The Journal Gazette
Sunday, August 22, 2021 1:00 am

GOP rising star Cawthorn to attend Banks' BBQ

NIKI KELLY | The Journal Gazette

U.S. Rep. Jim Banks, R-3rd, of Columbia City, is bringing a rising star in the GOP ranks to northeast Indiana.

Congressman Madison Cawthorn of North Carolina will be the special guest at Banks' 6th annual BBQ on Sept. 16 at Joseph Decuis Farm near Columbia City.

Cawthorn, who was home-schooled, received a full-ride ROTC scholarship to North Carolina State and was also nominated to the U.S. Naval Academy in 2014. But his plans to serve in the military were derailed after he was partly paralyzed in a car crash that left him in a wheelchair.

Now the 26-year-old is a small-business man who focuses on faith and freedom. He has been especially vocal against mask mandates – calling them “psychological child abuse.”

An individual ticket is $100; a sponsorship costs $1,000 and a host pays $2,900.

Zay honored

State Sen. Andy Zay, R-Huntington, was named 2021 Legislator of the Year by the Indiana Bankers Association.

He was presented with the award Aug. 15 at the group's annual convention in French Lick.

The award recognizes Zay for his stewardship of a strong banking environment in the Hoosier state. He serves as chair of the state legislature's Insurance and Financial Institutions Committee. Zay has been instrumental in ensuring that Indiana remains conducive to a vibrant banking industry, a news release said.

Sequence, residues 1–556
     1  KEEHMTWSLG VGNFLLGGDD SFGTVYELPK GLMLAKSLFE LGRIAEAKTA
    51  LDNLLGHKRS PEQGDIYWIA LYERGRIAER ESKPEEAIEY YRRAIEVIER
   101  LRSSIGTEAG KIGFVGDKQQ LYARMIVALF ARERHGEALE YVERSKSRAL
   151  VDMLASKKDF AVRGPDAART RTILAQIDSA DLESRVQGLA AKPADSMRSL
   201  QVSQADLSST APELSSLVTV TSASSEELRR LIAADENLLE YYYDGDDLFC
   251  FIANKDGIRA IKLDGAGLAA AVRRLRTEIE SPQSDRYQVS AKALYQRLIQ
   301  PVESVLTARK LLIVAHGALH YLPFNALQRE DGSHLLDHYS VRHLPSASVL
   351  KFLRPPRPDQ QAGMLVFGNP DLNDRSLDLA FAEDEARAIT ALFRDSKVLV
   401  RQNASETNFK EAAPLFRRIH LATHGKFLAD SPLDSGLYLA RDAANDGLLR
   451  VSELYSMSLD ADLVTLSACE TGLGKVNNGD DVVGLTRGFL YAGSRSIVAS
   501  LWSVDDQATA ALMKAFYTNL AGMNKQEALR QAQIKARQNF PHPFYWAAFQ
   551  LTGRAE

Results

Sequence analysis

An example of his leadership was authoring Senate Enrolled Act 370, which clarifies and aligns state law with Indiana case law concerning the statute of limitations for actions upon contracts for the payment of money to include deposit accounts.

“Banks are leaders in our community, and I am happy to support their vision for our communities in the state,” Zay said.

He represents Senate District 17, which includes Wabash County and part of Grant, Huntington and Whitley counties.

Young challenger

Hammond Mayor Thomas McDermott Jr. has started a campaign to challenge Republican Todd Young's reelection bid in Indiana's U.S. Senate election next year.

McDermott, a Democrat, filed with the Federal Election Commission on Wednesday to begin fundraising.

He has been mayor of the largest city in northwest Indiana's Lake County since 2004 but isn't well known outside that region.

Despite that, McDermott has been the highest-profile Democrat openly talking about challenging Young, who defeated Democratic former Sen. Evan Bayh in the 2016 election and had $4.5 million in campaign cash at the end of June.

“I'm hoping that the Democratic Party is excited about my candidacy,” McDermott said. “I'm hoping the Democratic Party is willing to try to help me overcome history.”

McDermott unsuccessfully sought the Democratic nomination last year for an open U.S. House seat in northwestern Indiana, finishing second in the primary to now-Rep. Frank Mrvan.

Young's campaign declined to comment on McDermott's candidacy.

The Associated Press contributed to this column.

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